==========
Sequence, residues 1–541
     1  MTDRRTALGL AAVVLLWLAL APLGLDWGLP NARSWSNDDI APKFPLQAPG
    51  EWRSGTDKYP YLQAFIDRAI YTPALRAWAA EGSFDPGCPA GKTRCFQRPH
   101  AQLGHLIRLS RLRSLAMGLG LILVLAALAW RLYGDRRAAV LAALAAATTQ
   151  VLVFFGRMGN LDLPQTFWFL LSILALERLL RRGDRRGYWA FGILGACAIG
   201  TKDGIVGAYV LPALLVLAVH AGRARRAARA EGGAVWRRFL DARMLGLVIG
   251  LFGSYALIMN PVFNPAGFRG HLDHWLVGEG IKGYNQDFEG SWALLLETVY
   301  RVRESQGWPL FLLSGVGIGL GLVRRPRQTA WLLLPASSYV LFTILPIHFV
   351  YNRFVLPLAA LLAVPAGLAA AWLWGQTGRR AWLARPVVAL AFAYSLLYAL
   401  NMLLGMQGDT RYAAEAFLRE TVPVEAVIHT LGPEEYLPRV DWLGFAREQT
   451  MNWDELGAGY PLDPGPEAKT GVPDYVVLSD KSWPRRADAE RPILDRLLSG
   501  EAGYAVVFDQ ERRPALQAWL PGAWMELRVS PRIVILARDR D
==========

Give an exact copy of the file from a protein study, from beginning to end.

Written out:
Sequence, residues 1–541
     1  MTDRRTALGL AAVVLLWLAL APLGLDWGLP NARSWSNDDI APKFPLQAPG
    51  EWRSGTDKYP YLQAFIDRAI YTPALRAWAA EGSFDPGCPA GKTRCFQRPH
   101  AQLGHLIRLS RLRSLAMGLG LILVLAALAW RLYGDRRAAV LAALAAATTQ
   151  VLVFFGRMGN LDLPQTFWFL LSILALERLL RRGDRRGYWA FGILGACAIG
   201  TKDGIVGAYV LPALLVLAVH AGRARRAARA EGGAVWRRFL DARMLGLVIG
   251  LFGSYALIMN PVFNPAGFRG HLDHWLVGEG IKGYNQDFEG SWALLLETVY
   301  RVRESQGWPL FLLSGVGIGL GLVRRPRQTA WLLLPASSYV LFTILPIHFV
   351  YNRFVLPLAA LLAVPAGLAA AWLWGQTGRR AWLARPVVAL AFAYSLLYAL
   401  NMLLGMQGDT RYAAEAFLRE TVPVEAVIHT LGPEEYLPRV DWLGFAREQT
   451  MNWDELGAGY PLDPGPEAKT GVPDYVVLSD KSWPRRADAE RPILDRLLSG
   501  EAGYAVVFDQ ERRPALQAWL PGAWMELRVS PRIVILARDR D